Friday, 5 August 2011
Cosmic Rays from Across the Universe
And... we're back.
After a somewhat protracted absence, I'm slowly getting things back on track here at Exquisite Things. To get things rolling again, I’ve got a wonderful selection of comics courtesy of Emix Regulus and Frater Alarph of Microcosmic Comics. Frist up is, 'Deadtime Stories' which collects together a number of short comics and a prose piece by Frater Alarph. The opening comic, 'You Find Yourself Standing on a Lunar Beach' has a free flowing narrative quality; slipping from frame to frame in dream like fashion, etching out those liminal moments between sleep and wakefulness with a graceful fluidity. Nothing is boxed in, with panel boundaries existing only as a wash of brush strokes; suggesting scenes far removed from reality.
The protagonist finds herself on the moon overlooking a lunar sea populated by hundreds of doppelgangers, appearing as both younger and older incarnations of herself, her many faces pasted onto amorphous black bodies. Each has a unique voice of its own, a lifetime of memories forming a sea of opinions that threatens to swamp her. Only when these separate entities begin to merge back together, becoming one with the observer, does she finally find the peace that she seeks.
This phantasmagoric, mystical tone is something that emerges very strongly in all of Emix's comics. Her work ranges from quasi-serious deliberation of spiritual matters to outright silly flights of cosmic fancy. 'Oryza Sativa', for example, sees the author awaken as a grain of rice amongst a bag of 'starchy brethren'. As one grain amongst many, she struggles to assert her individuality but when this is finally achieved, she ends up being cooked into a bowl of rice pudding.
The tone is light and humorous but the end result is strikingly similar to that of the opening comic. Both conclude with the individual finding some sense of unity, even if it is in form of rice pudding! It's thoughtful, sometimes abstracted material, but that should hardly come as a surprise when ‘Deadtime Stories’ deals primarily with dreams and the afterlife.
Frater Alarph contributes a prose piece 'Psychic Club', which relates his experience of attending a psychic group whose aim is to make contact with the dead. Alarph, like Emix draws on similarly ethereal subject matter, but does a fine job of contrasting it with the cold realities of the material world. His bleak urban bus journey to the club, set alongside his ghostly experiences thereafter does much to highlight the strange intersection of inner life versus the outside world. The story is a heady mix of the observational and the haunted, told in a conversational and honest tone that reads like a personal journal. It ads weight and variation to an already accomplished collection of work.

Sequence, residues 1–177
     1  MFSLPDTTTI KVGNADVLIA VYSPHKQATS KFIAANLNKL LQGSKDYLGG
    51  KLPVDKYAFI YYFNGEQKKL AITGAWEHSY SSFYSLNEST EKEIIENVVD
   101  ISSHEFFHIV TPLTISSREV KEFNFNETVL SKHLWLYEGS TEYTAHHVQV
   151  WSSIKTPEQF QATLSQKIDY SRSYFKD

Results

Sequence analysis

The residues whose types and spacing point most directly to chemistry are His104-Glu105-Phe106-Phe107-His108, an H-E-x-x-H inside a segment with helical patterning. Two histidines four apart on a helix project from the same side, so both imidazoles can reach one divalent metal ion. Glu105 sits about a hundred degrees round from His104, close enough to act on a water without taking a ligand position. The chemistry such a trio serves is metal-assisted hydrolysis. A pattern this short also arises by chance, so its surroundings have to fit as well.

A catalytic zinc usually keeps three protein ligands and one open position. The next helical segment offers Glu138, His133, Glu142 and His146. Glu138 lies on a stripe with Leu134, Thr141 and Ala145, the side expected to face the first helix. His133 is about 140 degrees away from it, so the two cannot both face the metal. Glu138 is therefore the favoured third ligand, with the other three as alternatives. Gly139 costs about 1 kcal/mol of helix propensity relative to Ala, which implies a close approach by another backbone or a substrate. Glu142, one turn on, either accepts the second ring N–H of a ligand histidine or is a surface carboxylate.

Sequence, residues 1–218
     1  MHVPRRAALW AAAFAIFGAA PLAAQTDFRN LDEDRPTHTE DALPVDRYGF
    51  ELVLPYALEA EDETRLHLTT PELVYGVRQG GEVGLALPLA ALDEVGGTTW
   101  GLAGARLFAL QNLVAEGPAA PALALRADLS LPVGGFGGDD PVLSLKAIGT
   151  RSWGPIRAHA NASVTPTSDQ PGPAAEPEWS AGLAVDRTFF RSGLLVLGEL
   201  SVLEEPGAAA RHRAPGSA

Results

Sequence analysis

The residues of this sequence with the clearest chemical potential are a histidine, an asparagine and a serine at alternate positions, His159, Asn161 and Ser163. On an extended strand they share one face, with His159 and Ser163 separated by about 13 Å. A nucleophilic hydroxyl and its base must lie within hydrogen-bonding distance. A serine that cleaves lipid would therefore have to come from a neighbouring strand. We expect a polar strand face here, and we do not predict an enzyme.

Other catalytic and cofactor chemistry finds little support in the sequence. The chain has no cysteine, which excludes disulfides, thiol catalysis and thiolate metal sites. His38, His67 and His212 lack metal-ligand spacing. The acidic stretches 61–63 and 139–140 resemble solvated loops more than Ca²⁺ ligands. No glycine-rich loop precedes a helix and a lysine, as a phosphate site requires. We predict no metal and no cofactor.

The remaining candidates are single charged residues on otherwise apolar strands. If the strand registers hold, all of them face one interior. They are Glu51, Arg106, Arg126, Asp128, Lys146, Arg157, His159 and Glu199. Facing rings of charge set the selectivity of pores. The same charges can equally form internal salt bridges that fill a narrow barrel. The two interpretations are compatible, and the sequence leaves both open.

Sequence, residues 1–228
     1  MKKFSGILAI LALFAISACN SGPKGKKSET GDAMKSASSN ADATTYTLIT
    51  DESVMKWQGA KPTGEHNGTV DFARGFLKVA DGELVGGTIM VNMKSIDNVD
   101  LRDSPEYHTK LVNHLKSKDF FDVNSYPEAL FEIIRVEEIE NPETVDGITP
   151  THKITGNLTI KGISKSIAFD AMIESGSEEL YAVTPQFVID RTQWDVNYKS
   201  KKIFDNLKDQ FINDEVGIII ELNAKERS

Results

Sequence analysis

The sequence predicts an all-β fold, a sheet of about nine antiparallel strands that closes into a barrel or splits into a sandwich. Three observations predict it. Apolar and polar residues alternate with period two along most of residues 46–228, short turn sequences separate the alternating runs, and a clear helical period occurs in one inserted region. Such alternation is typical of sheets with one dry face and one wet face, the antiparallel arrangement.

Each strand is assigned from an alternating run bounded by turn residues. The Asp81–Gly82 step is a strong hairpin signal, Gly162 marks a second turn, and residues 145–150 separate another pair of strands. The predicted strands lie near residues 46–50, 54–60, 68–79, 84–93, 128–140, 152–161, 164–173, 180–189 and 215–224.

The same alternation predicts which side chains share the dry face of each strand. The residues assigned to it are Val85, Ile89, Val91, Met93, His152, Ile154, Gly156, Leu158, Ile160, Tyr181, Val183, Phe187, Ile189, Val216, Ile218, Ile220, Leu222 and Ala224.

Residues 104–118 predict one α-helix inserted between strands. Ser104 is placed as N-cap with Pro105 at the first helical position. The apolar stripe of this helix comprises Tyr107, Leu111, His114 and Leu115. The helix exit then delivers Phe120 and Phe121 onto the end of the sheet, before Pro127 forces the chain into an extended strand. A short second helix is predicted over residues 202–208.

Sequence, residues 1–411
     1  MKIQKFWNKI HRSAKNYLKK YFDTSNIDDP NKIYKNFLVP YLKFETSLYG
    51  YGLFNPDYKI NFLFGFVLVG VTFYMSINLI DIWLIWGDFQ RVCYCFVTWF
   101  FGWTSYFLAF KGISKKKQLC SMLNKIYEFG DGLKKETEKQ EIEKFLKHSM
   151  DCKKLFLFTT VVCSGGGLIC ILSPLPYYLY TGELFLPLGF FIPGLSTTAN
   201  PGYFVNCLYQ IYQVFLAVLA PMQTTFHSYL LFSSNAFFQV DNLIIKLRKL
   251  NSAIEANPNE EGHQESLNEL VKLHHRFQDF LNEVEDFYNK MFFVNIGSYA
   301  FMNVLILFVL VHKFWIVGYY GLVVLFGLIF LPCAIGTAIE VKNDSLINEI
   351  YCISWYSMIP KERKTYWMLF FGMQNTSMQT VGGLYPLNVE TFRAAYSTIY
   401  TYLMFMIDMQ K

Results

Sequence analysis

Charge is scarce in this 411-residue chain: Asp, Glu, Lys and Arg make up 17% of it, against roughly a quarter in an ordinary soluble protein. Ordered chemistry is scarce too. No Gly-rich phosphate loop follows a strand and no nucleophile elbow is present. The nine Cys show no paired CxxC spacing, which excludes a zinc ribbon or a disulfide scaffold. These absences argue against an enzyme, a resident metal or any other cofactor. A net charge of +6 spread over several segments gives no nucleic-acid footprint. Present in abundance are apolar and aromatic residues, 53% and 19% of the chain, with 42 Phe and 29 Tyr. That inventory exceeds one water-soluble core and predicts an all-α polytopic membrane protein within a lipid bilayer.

Next up is 'Textrs', a beautifully presented little package of seven miniature illustrated cards. A collaborative effort by Emix and Frater, it’s intended as “a symptomatic and acausal machinery to remove ego-self from the constant flow of time”. Each separate card is a different pattern or texture to get lost in. Many of the cards bearing mandala like designs, inviting subconscious exploration and self induced trance states.
There are subtle nods to Austin Osman Spare’s system of sigilisation, but more than anything 'Textrs' is a visual invitation to clear your mind and do a little inward exploring. Like any artefact of this sort, it’s imbued with a certain power as a result of the artist’s intent. Whether or not you ascribe to this particular aesthetic will depend greatly on your own magickal leanings, but even if you don't connect with these aspects of 'Textrs', you still have six very pretty pieces of card to marvel at.
On the more humorous side of things, Emix's solo comic ‘Strassman Forever’ is just as beguiling as her other work. The presentation is beautiful, with an ornate wrap around cover concealing equally well rendered comics within. 'Strassman Forever' chronicles the adventures of an immortal fabric toy named ‘Strassman’ who transcends the physical form, explores the horrors of the internet and quests on an inter-dimensional Manta Ray to save the Spirulina Crystal.
Emix's art is loose and flowing yet highly detailed, with some truly exceptional forays into the realms of dense fractal forms and symmetrical patterns. In much the same way that her art veers from free flowing to taut symmetrical forms, so too does the content of 'Strassman'. Emix weaves in strands of her own life in the form of short autobiographical snippets. It's equally off kilter stuff, but gives the reader a valuable insight into the overactive imagination that spawned Strassman's adventures.
These mini comics are first class examples of small press publications with high production values, but what makes them really interesting is their preoccupation with the internal world. Behind the flights of fancy and off kilter humour, there's an engaging emotional core at the heart of everything. Whether it’s Strassman’s spiritually tinged high adventure or 'Textrs' sidelong glance at sigil magick and meditation, there’s an ongoing interest in finding spiritual peace in an increasingly chaotic world. Both Emix and Frater strike a good balance between fiction, autobiography and humour. Their comics are insightful and honest, delighting in the absurdity of life and reveling in the little mysteries that sit outside of conventional wisdom and rational thought.
These are deeply lovely early offerings and I sincerely hope there’s something more expansive waiting in the wings that will offer a more prolonged glimpse into their beguiling internal worlds.
Review by Matthew Dick